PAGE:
The Sightless Self-Defense(SSD) Program has been running since 1997 at PSCJ. A large number of students have successfully completed introductory programs, and more classes are getting started.
With SSD everything focuses on touch, sensitivity, and control. Students learn right away how to use their hands to see for them, and how to tell where any part of the body is from a single touch on an opponent. Once contact has been made they learn ways to stay on their attacker through locks and holds.
All of the techniques in SSD focus on being at very close range to an opponent. At this close range students learn to use elbows, knees, and the like to incapacitate their attacker or to lock or choke them out.
Because all of the students in SSD are sight impaired it is nearly impossible for them to close on an opponent, in most cases they must wait for the attacker to make the initial movement, so they learn protective stances to cover up and wait for the attack. This does not mean, though, that the student need stand helplessly by while they are hassled or threatened. An important factor for the blind is to have the right attitude when dealing with a situation. Raising their voice and talking to their attacker and behaving in a confident manner can do a lot in changing the attackers perspective that a blind person is a helpless victim.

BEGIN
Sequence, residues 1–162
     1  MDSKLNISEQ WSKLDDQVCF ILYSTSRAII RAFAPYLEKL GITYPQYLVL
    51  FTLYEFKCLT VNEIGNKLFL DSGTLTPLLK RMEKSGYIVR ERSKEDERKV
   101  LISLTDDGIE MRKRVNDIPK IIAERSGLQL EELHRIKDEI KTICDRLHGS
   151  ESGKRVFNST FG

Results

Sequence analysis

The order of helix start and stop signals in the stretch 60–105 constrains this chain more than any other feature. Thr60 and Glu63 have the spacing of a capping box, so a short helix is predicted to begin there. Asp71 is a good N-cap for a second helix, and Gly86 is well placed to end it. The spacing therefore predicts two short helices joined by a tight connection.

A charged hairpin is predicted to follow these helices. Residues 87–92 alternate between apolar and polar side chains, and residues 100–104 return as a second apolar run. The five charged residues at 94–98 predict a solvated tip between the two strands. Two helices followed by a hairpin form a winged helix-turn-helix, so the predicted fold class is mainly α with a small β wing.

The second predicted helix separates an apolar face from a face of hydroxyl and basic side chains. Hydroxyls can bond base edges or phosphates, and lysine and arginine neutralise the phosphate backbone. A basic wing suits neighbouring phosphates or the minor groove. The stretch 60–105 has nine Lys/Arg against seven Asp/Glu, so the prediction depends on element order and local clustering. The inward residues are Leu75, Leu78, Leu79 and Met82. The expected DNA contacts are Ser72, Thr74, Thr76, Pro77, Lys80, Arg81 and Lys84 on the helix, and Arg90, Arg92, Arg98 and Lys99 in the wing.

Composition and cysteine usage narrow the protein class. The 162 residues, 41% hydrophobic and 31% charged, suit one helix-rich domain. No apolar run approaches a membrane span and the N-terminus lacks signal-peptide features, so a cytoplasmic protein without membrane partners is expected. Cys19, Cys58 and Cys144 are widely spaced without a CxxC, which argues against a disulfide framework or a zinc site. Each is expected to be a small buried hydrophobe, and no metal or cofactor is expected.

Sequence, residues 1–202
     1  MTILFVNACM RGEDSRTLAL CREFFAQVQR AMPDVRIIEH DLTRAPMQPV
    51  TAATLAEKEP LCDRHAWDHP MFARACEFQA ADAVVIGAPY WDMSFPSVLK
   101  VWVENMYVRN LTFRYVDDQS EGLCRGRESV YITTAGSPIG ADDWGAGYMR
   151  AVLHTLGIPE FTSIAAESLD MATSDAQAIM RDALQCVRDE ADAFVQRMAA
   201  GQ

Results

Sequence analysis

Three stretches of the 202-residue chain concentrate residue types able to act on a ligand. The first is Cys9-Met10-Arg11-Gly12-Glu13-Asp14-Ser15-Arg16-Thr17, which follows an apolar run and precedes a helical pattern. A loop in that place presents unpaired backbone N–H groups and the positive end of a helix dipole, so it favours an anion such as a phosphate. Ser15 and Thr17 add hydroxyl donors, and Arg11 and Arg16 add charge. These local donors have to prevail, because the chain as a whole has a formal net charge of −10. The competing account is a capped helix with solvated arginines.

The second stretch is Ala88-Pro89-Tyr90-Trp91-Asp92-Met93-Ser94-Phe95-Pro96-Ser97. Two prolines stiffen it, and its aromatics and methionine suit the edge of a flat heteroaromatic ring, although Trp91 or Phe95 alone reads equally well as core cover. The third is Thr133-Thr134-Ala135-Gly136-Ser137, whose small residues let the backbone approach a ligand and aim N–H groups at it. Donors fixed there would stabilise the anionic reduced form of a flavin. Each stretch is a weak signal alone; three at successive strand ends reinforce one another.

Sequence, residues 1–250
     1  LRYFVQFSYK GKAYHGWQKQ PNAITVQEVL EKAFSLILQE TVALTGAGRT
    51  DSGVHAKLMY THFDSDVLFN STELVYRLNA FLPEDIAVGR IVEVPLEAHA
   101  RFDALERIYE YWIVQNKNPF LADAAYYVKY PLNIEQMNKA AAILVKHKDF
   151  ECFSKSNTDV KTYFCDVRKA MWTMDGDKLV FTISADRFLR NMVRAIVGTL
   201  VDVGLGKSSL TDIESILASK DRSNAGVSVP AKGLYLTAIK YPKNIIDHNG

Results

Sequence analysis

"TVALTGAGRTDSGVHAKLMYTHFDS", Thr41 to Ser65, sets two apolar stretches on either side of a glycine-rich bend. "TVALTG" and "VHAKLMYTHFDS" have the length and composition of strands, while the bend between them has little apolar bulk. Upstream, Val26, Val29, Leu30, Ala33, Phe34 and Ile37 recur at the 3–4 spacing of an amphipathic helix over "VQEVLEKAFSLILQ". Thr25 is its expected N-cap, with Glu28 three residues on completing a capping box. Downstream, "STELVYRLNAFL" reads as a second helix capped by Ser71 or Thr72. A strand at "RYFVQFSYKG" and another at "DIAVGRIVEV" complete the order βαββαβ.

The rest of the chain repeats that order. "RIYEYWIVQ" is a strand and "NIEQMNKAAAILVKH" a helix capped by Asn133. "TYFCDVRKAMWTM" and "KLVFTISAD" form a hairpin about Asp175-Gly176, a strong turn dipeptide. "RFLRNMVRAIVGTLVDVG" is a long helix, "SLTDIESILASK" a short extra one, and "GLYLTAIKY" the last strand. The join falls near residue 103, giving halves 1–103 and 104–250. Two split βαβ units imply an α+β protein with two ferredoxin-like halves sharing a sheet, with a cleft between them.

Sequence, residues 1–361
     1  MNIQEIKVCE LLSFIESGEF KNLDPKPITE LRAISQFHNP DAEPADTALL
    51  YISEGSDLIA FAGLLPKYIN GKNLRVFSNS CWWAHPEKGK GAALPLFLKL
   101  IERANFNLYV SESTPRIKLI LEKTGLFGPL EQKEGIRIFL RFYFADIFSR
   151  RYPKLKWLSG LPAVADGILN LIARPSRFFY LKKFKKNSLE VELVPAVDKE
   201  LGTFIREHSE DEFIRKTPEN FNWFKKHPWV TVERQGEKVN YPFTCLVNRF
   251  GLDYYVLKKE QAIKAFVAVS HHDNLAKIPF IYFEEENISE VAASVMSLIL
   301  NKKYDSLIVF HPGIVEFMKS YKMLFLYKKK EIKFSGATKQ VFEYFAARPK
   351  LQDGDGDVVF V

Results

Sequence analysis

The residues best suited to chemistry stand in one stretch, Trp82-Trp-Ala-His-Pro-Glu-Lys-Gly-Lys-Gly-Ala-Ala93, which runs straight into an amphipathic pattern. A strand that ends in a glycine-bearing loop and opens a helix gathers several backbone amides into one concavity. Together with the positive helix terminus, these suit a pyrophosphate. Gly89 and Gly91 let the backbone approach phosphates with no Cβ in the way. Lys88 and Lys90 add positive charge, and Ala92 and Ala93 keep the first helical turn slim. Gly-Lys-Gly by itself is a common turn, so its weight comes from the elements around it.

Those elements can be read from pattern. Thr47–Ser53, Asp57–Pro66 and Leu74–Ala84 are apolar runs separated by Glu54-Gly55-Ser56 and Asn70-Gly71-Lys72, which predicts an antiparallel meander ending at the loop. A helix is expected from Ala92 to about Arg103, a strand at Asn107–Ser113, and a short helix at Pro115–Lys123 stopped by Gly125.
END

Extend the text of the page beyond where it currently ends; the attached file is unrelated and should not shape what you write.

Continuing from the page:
Along with learning how to defend themselves, students learn balance and mobility, as well as how to roll and fall. In addition they learn how to be aware of their surroundings using all of the senses available to them.
These skills not only make a blind person able to defend themselves but gives them increased confidence and health in their daily lives.
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some more information.